Changes in such characteristics during development vary from species to species. Most characteristics change gradually during the period preceding the mature phase, and usually no distinct concurrent change in any one characteristic is apparent at the time the ability to flower is attained.

Read Also : Seed Germination and Dormancy to Plant Growth and Development

Maturity and Senescence

Attainment and maintenance of the ability or potential to flower is the only consistent criterion available to assess the termination of the juvenile period.

Once the plant attains this ability to flower, flowering will continue to occur so long as all other requisite environmental conditions are met.

If they are not, flowering will be delayed even though the plant is now capable of flowering. Thus, flowering can indicate that the plant has reached the phase of sexual maturity, but may not indicate when the transition occurred.

Conversely, lack of flowering may not mean that the plant is still in the sexually immature, juvenile phase.

However, for individual species, a specific character such as thorniness or anthocyanin formation may be correlated with ability to flower and thus be useful as an indicator of the termination of the juvenile period.

Once the sexually mature phase is attained, it is relatively stable. Reversion to the juvenile condition does not generally occur as a result of asexual propagation such as cuttage or graftage involving a single bud and a small piece of stem.

In summary, juvenility is part of the ageing process in woody plants. Commencement of flowering can indicate that the plant has reached the phase of sexual maturity though lack of flowering may not necessarily mean that the plant is still in the sexually immature, juvenile phase.

During the life cycle of a plant, it undergoes some noticeable morphological changes from the embryonic phase to juvenile and maturity. These are phases of growth and development which is eventually followed by senescence and death. After death the plant is said to have completed its life cycle.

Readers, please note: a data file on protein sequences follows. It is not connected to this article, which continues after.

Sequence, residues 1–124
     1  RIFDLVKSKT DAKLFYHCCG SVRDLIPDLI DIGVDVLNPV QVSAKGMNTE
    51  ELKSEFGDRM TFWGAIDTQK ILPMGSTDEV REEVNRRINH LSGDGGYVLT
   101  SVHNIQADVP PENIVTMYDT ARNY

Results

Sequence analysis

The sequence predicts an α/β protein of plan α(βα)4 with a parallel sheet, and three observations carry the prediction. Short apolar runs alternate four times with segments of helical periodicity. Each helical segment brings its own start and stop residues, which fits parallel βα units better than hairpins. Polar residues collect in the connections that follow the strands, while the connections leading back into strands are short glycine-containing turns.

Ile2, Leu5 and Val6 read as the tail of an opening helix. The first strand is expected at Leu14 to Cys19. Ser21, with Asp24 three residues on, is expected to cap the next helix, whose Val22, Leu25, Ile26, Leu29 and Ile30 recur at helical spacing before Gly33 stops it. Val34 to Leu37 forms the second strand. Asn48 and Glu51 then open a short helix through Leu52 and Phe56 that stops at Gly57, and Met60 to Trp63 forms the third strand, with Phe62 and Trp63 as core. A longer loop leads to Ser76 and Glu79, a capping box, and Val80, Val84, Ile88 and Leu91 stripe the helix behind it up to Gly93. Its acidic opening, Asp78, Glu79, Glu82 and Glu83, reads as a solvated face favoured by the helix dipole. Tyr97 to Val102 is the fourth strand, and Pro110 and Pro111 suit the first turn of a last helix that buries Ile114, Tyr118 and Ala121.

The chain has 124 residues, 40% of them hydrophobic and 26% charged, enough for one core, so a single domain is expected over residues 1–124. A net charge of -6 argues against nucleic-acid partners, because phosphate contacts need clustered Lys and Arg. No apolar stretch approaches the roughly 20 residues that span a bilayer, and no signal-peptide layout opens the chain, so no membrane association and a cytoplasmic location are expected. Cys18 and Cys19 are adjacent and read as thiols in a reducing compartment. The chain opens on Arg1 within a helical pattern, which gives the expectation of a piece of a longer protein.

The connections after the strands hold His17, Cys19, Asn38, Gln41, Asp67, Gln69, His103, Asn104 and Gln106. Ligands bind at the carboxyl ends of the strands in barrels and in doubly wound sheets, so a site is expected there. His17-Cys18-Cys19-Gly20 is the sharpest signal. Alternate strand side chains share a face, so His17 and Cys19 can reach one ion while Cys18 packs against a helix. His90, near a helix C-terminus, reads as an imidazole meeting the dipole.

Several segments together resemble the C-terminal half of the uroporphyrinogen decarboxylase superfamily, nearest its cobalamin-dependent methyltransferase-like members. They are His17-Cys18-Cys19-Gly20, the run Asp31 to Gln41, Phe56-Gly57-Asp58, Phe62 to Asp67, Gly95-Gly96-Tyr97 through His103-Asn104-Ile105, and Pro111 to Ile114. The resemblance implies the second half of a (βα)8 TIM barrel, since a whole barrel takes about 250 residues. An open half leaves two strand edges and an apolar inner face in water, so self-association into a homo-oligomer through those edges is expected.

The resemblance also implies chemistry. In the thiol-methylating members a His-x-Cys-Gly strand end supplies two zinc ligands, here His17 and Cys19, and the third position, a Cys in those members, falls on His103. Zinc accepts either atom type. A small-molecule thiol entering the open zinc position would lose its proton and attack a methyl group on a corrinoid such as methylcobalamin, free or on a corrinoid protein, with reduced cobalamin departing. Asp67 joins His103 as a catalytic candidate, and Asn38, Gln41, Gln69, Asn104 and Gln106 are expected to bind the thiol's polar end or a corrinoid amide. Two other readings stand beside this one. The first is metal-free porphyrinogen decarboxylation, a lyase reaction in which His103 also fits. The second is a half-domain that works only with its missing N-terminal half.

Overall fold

The juvenile phase of plant development is the initial period of growth when apical meristems will not typically respond to internal or external conditions to initiate flowers.

As the plant grows steadily through the years to maturity, you are likely going to see morphological changes in the plants external features like the shapes of the leaves and the length of the branches and other signs indicating maturity and flowering.

Attainment and maintenance of the ability or potential to flower is the only consistent criterion available to assess the termination of the juvenile period.

Read Also : Food Poisoning: Types, Symptoms, & Treatment

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Agric4Profits

Benadine Nonye is an agricultural consultant and a writer with over 12 years of professional experience in the agriculture industry. - National Diploma in Agricultural Technology - Bachelor's Degree in Agricultural Science - Master's Degree in Science Education - PhD Student in Agricultural Economics and Environmental Policy... Visit My Websites On: 1. Agric4Profits.com - Your Comprehensive Practical Agricultural Knowledge and Farmer’s Guide Website! 2. WealthinWastes.com - For Effective Environmental Management through Proper Waste Management and Recycling Practices! Join Me On: Twitter: @benadinenonye - Instagram: benadinenonye - LinkedIn: benadinenonye - YouTube: Agric4Profits TV and WealthInWastes TV - Pinterest: BenadineNonye4u - Facebook: BenadineNonye